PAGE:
Yes, I am checking you out on Simchas Torah.
You are sweating, you are dancing, your breath stinks of vodka,
Your white shirt is plastered to your chest,
Its buttons are partly undone,
You look like an entrant in a Yeshivish wet t-shirt contest.
That's from one of my favorite poems in another word for sky, a collection of poems by Jay Michaelson (Lethe Press, November 2007.) The poem is wry and startling, deliciously grounded in physical detail, and very, very Jewish. (So's the collection.)
I can't help reading the poem through the lens of Hasidism and homoeroticism, an essay of Jay's that I read in Zeek back in 2004. But the poem goes places the essay doesn't, and there are all kinds of reverberations and refractions for me in the spaces between them. Same goes for another of my favorite poems in this collection, "Foreign Thoughts," which begins:
I don't feel ashamed
when I spy you at the mikva,
out of the corner of my eye --
a body is a body,
and wants what it wants.
I love that it's when the narrator catches a peek at the object of his desire davening, in intimate connection with God, that he is abashed. Seeing a beautiful body is one thing; visually eavesdropping on a conversation with the Infinite is another. The poem gives a whole new cast to questions of boundaries and transgression. It knocks me flat. I want more.
I'm picking and choosing, here, as every reviewer of poetry does. A different subset of poems would give you a different impression of the collection. New York poems. Seasonal poems. Poems with long lines. Linguistic playfulness. Maybe another year those will be the poems that grab me and won't let go. But this winter it's this particular intersection of Judaism and eros that excites me.
In "in praise of isaac, of whom it is said / he knew what it was to be a woman," Jay opens up the story of the akedah, the binding of Isaac. He makes Isaac's ultimate act of submission plain in a way it had never been for me before. The poem is disturbing and tender and erotic -- as is the original story, frankly, or at least it is for me now that I've read these lines. "isaac is the fulcrum who gives himself over," Jay writes. "isaac is the yielder and the receiver of love." Holy wow. Something tells me I'm never going to hear that passage again in quite the same way.
That's part of the genius of this collection, for me. That's Pound's eternal dictum, "make it new" -- practically the house motto at Bennington, at least during the years when I was there. These poems take words and concepts that are familiar to me, and show me something in them I hadn't seen before.
These poems don't shy away from difficult subjects. Here's another taste, from the poem "When I see the word 'Israel'" -- to which I've returned more than once already in the few weeks since I first sat down and read the collection:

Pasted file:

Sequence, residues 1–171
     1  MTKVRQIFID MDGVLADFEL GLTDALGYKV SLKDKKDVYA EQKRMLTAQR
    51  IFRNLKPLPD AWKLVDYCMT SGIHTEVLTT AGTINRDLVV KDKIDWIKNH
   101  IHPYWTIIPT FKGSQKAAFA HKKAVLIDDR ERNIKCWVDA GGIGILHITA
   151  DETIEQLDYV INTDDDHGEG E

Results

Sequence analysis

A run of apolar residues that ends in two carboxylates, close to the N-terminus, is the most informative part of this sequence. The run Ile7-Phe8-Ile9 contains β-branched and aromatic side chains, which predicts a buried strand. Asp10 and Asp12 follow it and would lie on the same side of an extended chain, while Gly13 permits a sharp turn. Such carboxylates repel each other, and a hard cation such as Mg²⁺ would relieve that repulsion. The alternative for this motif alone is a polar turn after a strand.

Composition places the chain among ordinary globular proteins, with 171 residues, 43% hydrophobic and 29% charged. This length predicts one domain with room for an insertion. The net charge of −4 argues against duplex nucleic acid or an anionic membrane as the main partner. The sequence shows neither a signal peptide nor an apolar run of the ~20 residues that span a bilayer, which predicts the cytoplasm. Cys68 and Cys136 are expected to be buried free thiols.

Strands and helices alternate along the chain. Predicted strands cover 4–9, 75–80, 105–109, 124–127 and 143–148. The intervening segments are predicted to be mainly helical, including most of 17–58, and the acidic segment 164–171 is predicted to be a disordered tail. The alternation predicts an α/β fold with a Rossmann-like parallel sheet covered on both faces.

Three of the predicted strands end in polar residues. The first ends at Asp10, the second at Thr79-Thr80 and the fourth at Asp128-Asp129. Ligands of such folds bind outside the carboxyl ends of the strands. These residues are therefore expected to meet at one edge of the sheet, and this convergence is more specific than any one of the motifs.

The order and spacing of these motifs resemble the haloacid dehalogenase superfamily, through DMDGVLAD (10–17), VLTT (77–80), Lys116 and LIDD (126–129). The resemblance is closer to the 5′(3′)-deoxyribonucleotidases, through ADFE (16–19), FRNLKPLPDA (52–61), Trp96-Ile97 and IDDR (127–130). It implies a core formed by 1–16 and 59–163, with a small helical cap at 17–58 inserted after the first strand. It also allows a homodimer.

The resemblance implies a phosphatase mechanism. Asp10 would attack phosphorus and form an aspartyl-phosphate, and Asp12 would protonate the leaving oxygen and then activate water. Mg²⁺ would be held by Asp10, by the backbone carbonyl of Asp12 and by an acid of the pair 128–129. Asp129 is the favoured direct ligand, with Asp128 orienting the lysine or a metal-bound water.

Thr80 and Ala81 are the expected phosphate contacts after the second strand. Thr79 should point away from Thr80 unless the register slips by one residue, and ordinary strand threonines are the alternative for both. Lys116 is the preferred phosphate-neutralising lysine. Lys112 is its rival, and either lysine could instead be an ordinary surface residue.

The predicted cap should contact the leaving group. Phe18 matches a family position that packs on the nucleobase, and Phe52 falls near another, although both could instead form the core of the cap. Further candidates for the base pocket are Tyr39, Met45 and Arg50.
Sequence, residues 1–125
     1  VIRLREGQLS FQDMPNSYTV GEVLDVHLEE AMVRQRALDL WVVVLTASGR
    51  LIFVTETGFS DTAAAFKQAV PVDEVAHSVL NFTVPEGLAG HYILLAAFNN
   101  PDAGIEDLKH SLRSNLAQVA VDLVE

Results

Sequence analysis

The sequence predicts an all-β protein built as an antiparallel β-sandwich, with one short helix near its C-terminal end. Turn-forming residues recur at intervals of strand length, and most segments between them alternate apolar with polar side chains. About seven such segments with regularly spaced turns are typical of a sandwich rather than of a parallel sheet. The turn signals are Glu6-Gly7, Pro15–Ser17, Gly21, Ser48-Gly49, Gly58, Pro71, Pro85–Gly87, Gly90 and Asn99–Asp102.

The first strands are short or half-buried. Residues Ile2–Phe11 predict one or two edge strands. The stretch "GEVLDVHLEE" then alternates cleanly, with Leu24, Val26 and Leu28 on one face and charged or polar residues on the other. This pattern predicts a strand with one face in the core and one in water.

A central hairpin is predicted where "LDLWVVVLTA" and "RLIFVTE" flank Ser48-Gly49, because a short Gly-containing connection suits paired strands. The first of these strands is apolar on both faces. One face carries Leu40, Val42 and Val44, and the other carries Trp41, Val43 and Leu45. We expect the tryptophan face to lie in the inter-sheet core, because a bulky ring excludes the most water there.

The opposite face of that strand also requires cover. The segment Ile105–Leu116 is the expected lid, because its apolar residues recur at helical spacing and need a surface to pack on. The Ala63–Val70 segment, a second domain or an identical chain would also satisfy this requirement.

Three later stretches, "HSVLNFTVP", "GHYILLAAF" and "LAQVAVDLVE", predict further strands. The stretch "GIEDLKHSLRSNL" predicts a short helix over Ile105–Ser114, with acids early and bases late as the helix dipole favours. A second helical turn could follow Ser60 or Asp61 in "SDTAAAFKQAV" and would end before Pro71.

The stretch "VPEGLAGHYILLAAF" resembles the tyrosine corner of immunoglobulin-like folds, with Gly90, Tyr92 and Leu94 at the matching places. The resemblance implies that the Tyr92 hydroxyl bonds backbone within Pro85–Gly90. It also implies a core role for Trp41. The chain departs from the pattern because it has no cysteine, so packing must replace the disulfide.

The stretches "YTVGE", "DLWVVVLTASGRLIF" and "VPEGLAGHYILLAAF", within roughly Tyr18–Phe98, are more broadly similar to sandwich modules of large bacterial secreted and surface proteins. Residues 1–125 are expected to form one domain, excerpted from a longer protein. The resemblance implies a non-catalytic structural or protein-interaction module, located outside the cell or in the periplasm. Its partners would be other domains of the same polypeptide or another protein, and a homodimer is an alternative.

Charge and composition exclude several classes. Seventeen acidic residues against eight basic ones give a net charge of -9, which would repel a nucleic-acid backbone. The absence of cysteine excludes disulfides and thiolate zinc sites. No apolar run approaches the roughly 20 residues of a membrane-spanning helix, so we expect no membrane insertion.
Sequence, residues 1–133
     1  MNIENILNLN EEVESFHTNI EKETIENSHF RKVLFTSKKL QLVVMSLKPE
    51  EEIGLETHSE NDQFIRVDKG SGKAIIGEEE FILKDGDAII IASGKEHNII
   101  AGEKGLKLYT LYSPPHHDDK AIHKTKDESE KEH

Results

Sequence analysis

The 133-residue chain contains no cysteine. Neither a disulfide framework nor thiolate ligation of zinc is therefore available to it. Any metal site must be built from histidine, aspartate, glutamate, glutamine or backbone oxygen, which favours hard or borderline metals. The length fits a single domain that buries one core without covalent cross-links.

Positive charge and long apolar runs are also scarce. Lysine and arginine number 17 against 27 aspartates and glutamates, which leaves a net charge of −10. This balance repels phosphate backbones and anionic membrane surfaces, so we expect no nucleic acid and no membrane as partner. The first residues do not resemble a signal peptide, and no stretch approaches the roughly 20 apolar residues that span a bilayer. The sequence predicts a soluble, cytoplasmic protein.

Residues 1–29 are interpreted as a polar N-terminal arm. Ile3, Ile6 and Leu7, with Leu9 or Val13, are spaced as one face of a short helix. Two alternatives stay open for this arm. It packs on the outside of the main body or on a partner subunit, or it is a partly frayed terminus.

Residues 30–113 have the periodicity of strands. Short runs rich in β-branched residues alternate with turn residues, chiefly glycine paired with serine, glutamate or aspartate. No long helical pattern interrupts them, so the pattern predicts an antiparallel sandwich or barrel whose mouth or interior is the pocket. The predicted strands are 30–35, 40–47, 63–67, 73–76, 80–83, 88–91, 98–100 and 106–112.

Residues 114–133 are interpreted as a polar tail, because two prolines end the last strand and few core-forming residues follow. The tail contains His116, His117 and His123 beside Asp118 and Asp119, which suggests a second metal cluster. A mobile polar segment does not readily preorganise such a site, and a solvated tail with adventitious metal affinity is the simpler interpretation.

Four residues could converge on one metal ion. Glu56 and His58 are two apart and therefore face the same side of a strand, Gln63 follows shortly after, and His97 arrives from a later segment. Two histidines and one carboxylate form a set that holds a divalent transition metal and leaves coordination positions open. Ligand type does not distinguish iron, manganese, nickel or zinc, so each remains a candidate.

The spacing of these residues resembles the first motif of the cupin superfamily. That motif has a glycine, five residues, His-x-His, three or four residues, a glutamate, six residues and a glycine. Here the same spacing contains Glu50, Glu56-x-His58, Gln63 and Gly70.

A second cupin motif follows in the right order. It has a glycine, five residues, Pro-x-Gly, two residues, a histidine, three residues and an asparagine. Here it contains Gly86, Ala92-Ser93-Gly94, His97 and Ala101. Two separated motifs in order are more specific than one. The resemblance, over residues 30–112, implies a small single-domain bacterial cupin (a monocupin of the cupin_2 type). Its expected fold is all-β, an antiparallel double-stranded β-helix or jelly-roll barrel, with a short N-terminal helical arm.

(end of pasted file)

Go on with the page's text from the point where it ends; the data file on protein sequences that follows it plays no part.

When I see the word
wrestles with God
When I see the word
I do not see
the chosen few
I see those few who choose...
Those who say
I betroth myself to you
whether it feels like honey
or a thornbush
Jay knows, this poem knows, that over time relationship with God inevitably feels like both of those things. Every religious peak moment is matched with times when the One is so veiled there's only a palpable absence. And with times when relating to God, relating to tradition, is just plain painful. Being Israel is about the existential leap of choosing the relationship, even though -- even when -- it isn't easy.
Writing that out in prose feels preachy. The poem is better. Read the poem.
Alicia Ostriker is one of the poets whose words appear on the back cover of the collection, which makes perfect sense to me. Her work too delves into the rich mines of Torah and midrash, forging that ore into something startling and new. She does it with criticism, and she does it with poetry, and I've always had the sense that the two branches of her work feed each other. (That's kind of a theme for me at the moment, for what may be obvious reasons.) Same goes for Jay, and I suspect it's one reason why there's such a clear alignment between his work and hers.
To choose to be a Jewish poet, defined not by birth but by subject matter and personality, is necessarily to render one's experience in terms of symbol and myth. One becomes as if infected by Jewish language. This is a perilous undertaking, as a poet's task is necessarily to see things in a new way, while the Jewish words pull toward the old, as well toward the cliché[.]
So Jay writes (in People of the Chapbook, which touches on Ostriker's work and also on the new book of prose by Rodger Kamenetz who I'll be interviewing for Zeek later this spring.) Perilous it may be, but he pulls it off.
Best of all -- maybe the reason why this book rings so many bells for me -- is the way these poems celebrate not only our texts but our endlessly-changing relationship with them. As it is written, in "Juicy:"
When you are studying
you involuntarily open your mouth
just a half an inch
as if to drink up
the juices of the text.
This is one hell of a juicy collection. Go and read.